But don’t despair. You can learn how to spot problematic Buyers before you work with them.

If you spot one (or more) of these 8 red flags, proceed with caution—or don’t move forward at all:

  • They ask for steep, unreasonable discounts. Not every client has a big budget, but the way in which they ask for a discount (and how much of a discount) does matter. In my experience, asking for unreasonable discounts (let’s say 30-50%+) usually means they don’t value your skills, time or deliverables. If they can’t pay, they’re not a Buyer.

  • They demand tons of pre-project investment. They require 4 Zoom calls, a chat with their CEO and dozens of portfolio pieces before they even think about discussing an offer. If you have to invest this much time on the front end, what’s it going to be like during edits or feedback? Good luck. I’ve consistently found the best Buyers are fairly quick to hire and respect my time.
    Oh, and pre-project tests to “prove” you can take on the job? Any Buyer asking you for an unpaid test is not only going against Fiverr terms, they’re waving one of the biggest red flags of all. Good Buyers don’t ask you to invest your time and skills in unpaid work.

  • They don’t know what they want or need. This is often an innocent red flag, but a red flag nonetheless. If the Buyer is unclear about what they’re trying to achieve, cannot speak to critical details, show confusion about your role/skills or clearly has no experience hiring someone with your skills, you’re setting yourself up for wasted time and a mismatch between your delivery and the Buyer’s expectations.

  • They needed everything done yesterday. Last minute requests happen, but I’ve never had a good client come to me in a panic with a last-minute, dire need. Or demand a call on the spot. Or impatiently ask why I can’t just work through the weekend to get it done.  Disorganized, impatient clients are almost guaranteed to be challenging to work with. If they’re frantic now, they’re not going to calm down as the deadline closes in.

  • They’re not sold on you. If you’ve answered questions, provided samples, referred them to your reviews and adequately proven you can handle the job, a good Buyer should be ready to start. However, if you’ve done all this and they’re still hesitating—saying they’re not sure, needling about discounts, expressing their concerns about your abilities—then move on. I don’t spend any time convincing clients to hire me if they show abnormal levels of reluctance because they’re usually people who don’t buy anyway—or they purchase and have buyer’s remorse once after the delivery.

  • They’ve only had bad experiences with freelancers or Fiverr Sellers. While not every freelancer or Fiverr Seller will be a perfect fit every time, a Buyer saying they’ve never made a good hire is a serious red flag. What is it about this Buyer’s ability to communicate, manage or collaborate that has only generated bad results?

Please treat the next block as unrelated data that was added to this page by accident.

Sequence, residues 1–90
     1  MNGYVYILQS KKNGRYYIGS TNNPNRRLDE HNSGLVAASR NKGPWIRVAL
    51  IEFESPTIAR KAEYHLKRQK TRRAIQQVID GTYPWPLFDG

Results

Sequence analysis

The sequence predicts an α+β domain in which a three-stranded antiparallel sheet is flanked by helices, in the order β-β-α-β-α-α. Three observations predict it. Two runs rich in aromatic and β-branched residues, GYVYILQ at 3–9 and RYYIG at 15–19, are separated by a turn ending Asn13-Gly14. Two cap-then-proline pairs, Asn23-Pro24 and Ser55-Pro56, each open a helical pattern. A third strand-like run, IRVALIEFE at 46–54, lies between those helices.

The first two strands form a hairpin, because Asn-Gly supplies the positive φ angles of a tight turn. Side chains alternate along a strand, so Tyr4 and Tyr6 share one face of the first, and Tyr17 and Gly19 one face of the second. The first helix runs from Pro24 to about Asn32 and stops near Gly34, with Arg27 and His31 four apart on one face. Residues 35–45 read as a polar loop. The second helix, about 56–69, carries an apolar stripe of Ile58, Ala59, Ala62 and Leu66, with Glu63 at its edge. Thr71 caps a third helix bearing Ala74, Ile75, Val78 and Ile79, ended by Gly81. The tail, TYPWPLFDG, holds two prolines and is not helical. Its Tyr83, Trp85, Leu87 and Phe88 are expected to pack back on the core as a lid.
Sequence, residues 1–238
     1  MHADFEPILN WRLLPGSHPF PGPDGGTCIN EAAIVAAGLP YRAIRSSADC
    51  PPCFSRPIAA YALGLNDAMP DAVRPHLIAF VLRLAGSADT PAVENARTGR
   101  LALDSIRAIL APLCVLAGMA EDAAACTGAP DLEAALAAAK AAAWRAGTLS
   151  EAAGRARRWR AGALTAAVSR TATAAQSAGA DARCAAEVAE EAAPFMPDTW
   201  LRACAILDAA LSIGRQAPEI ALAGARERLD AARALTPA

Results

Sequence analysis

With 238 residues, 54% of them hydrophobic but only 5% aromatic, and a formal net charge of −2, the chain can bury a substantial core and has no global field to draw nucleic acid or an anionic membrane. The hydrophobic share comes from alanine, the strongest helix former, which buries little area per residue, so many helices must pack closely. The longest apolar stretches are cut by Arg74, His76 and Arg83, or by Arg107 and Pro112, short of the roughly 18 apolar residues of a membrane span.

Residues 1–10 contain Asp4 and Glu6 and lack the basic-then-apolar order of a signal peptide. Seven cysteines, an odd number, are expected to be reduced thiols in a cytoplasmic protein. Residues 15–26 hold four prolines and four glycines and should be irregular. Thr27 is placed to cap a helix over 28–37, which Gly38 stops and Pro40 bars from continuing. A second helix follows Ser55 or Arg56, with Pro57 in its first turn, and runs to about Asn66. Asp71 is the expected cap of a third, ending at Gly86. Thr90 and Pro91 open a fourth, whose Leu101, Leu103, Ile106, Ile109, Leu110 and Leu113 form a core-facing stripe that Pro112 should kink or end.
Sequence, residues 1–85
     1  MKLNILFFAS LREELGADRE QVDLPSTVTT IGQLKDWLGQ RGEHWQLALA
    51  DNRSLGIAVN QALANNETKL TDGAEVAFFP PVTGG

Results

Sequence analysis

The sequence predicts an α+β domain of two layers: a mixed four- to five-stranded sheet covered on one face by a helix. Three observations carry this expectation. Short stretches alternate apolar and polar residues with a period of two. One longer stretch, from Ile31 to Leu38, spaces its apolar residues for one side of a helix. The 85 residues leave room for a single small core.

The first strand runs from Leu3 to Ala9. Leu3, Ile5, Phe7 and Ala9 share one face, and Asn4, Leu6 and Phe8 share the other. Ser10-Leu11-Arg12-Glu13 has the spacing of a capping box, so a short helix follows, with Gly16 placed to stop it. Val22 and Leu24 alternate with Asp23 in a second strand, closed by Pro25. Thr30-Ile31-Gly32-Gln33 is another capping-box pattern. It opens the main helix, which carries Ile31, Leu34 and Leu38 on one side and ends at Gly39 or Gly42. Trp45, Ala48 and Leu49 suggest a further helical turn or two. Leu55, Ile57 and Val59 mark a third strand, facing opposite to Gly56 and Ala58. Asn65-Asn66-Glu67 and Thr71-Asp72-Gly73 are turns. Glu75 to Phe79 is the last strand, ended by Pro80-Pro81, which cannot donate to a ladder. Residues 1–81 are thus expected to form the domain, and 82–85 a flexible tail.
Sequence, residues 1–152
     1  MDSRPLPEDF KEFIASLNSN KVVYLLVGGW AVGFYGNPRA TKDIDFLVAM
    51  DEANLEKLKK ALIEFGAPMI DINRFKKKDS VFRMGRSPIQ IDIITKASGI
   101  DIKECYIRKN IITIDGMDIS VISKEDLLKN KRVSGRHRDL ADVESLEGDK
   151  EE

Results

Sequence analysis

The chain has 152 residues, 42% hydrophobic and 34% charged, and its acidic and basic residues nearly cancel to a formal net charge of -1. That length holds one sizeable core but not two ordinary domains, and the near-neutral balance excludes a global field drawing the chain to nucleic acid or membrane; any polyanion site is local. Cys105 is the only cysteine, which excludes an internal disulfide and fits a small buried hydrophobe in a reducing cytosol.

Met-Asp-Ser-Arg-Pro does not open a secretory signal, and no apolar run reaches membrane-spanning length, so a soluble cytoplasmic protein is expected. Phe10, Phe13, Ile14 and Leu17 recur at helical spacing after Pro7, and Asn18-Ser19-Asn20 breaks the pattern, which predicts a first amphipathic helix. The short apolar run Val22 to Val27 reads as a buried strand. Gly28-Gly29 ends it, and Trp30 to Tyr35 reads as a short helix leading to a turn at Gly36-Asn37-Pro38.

• They’ve hired others to do this project before—and they all failed. If a Buyer tells you that you’re the fifth writer they’re thinking of hiring or the ninth designer they’ll trust with the project, you have to wonder: why has this failed so many times? They’re hoping you’re the magic ingredient for a project that has failed and failed. What’s the constant variable here? The Buyer.

  • Your Spidey-Senses tell you to move on. This final red flag may seem non-specific, but it’s not. Sometimes I get a feeling about a client—one who has shown no specific red flags—and I choose not to work with them simply because something feels off. However, when I (rarely and stupidly!) ignore this feeling, I pay for it later; the red flags popped up after the purchase. If there’s something about a project or Buyer you find unappealing or it doesn’t feel right, trust instincts and move on.

Particularly if you’ve spent quite a bit of time discussing a project with a Buyer, you may feel pressured to just move on and start anyway. You don’t want to let them down—or feel like you’ve wasted your time. However, it’s easier to send an uncomfortable breakup message now than it is to suffer through a project. Cut your losses and move on.

There’s no need to tell the Buyer it’s because they’re a walking, talking potential disaster. Typically, I tell them my availability has changed and I’m no longer able to take on the project and, so far, I’ve never had a Buyer say much other than: thanks anyway!

If you want to build your red flag identification skills, look through some of your past projects, particularly ones that may not have gone as well as you’d liked. Which red flag (or flags!) did the Buyer show before you worked together? Learn from past mistakes to avoid future problems.

What red flags do you look for in Buyers? What happens when you’ve missed or ignored them in the past? I want to hear your experience.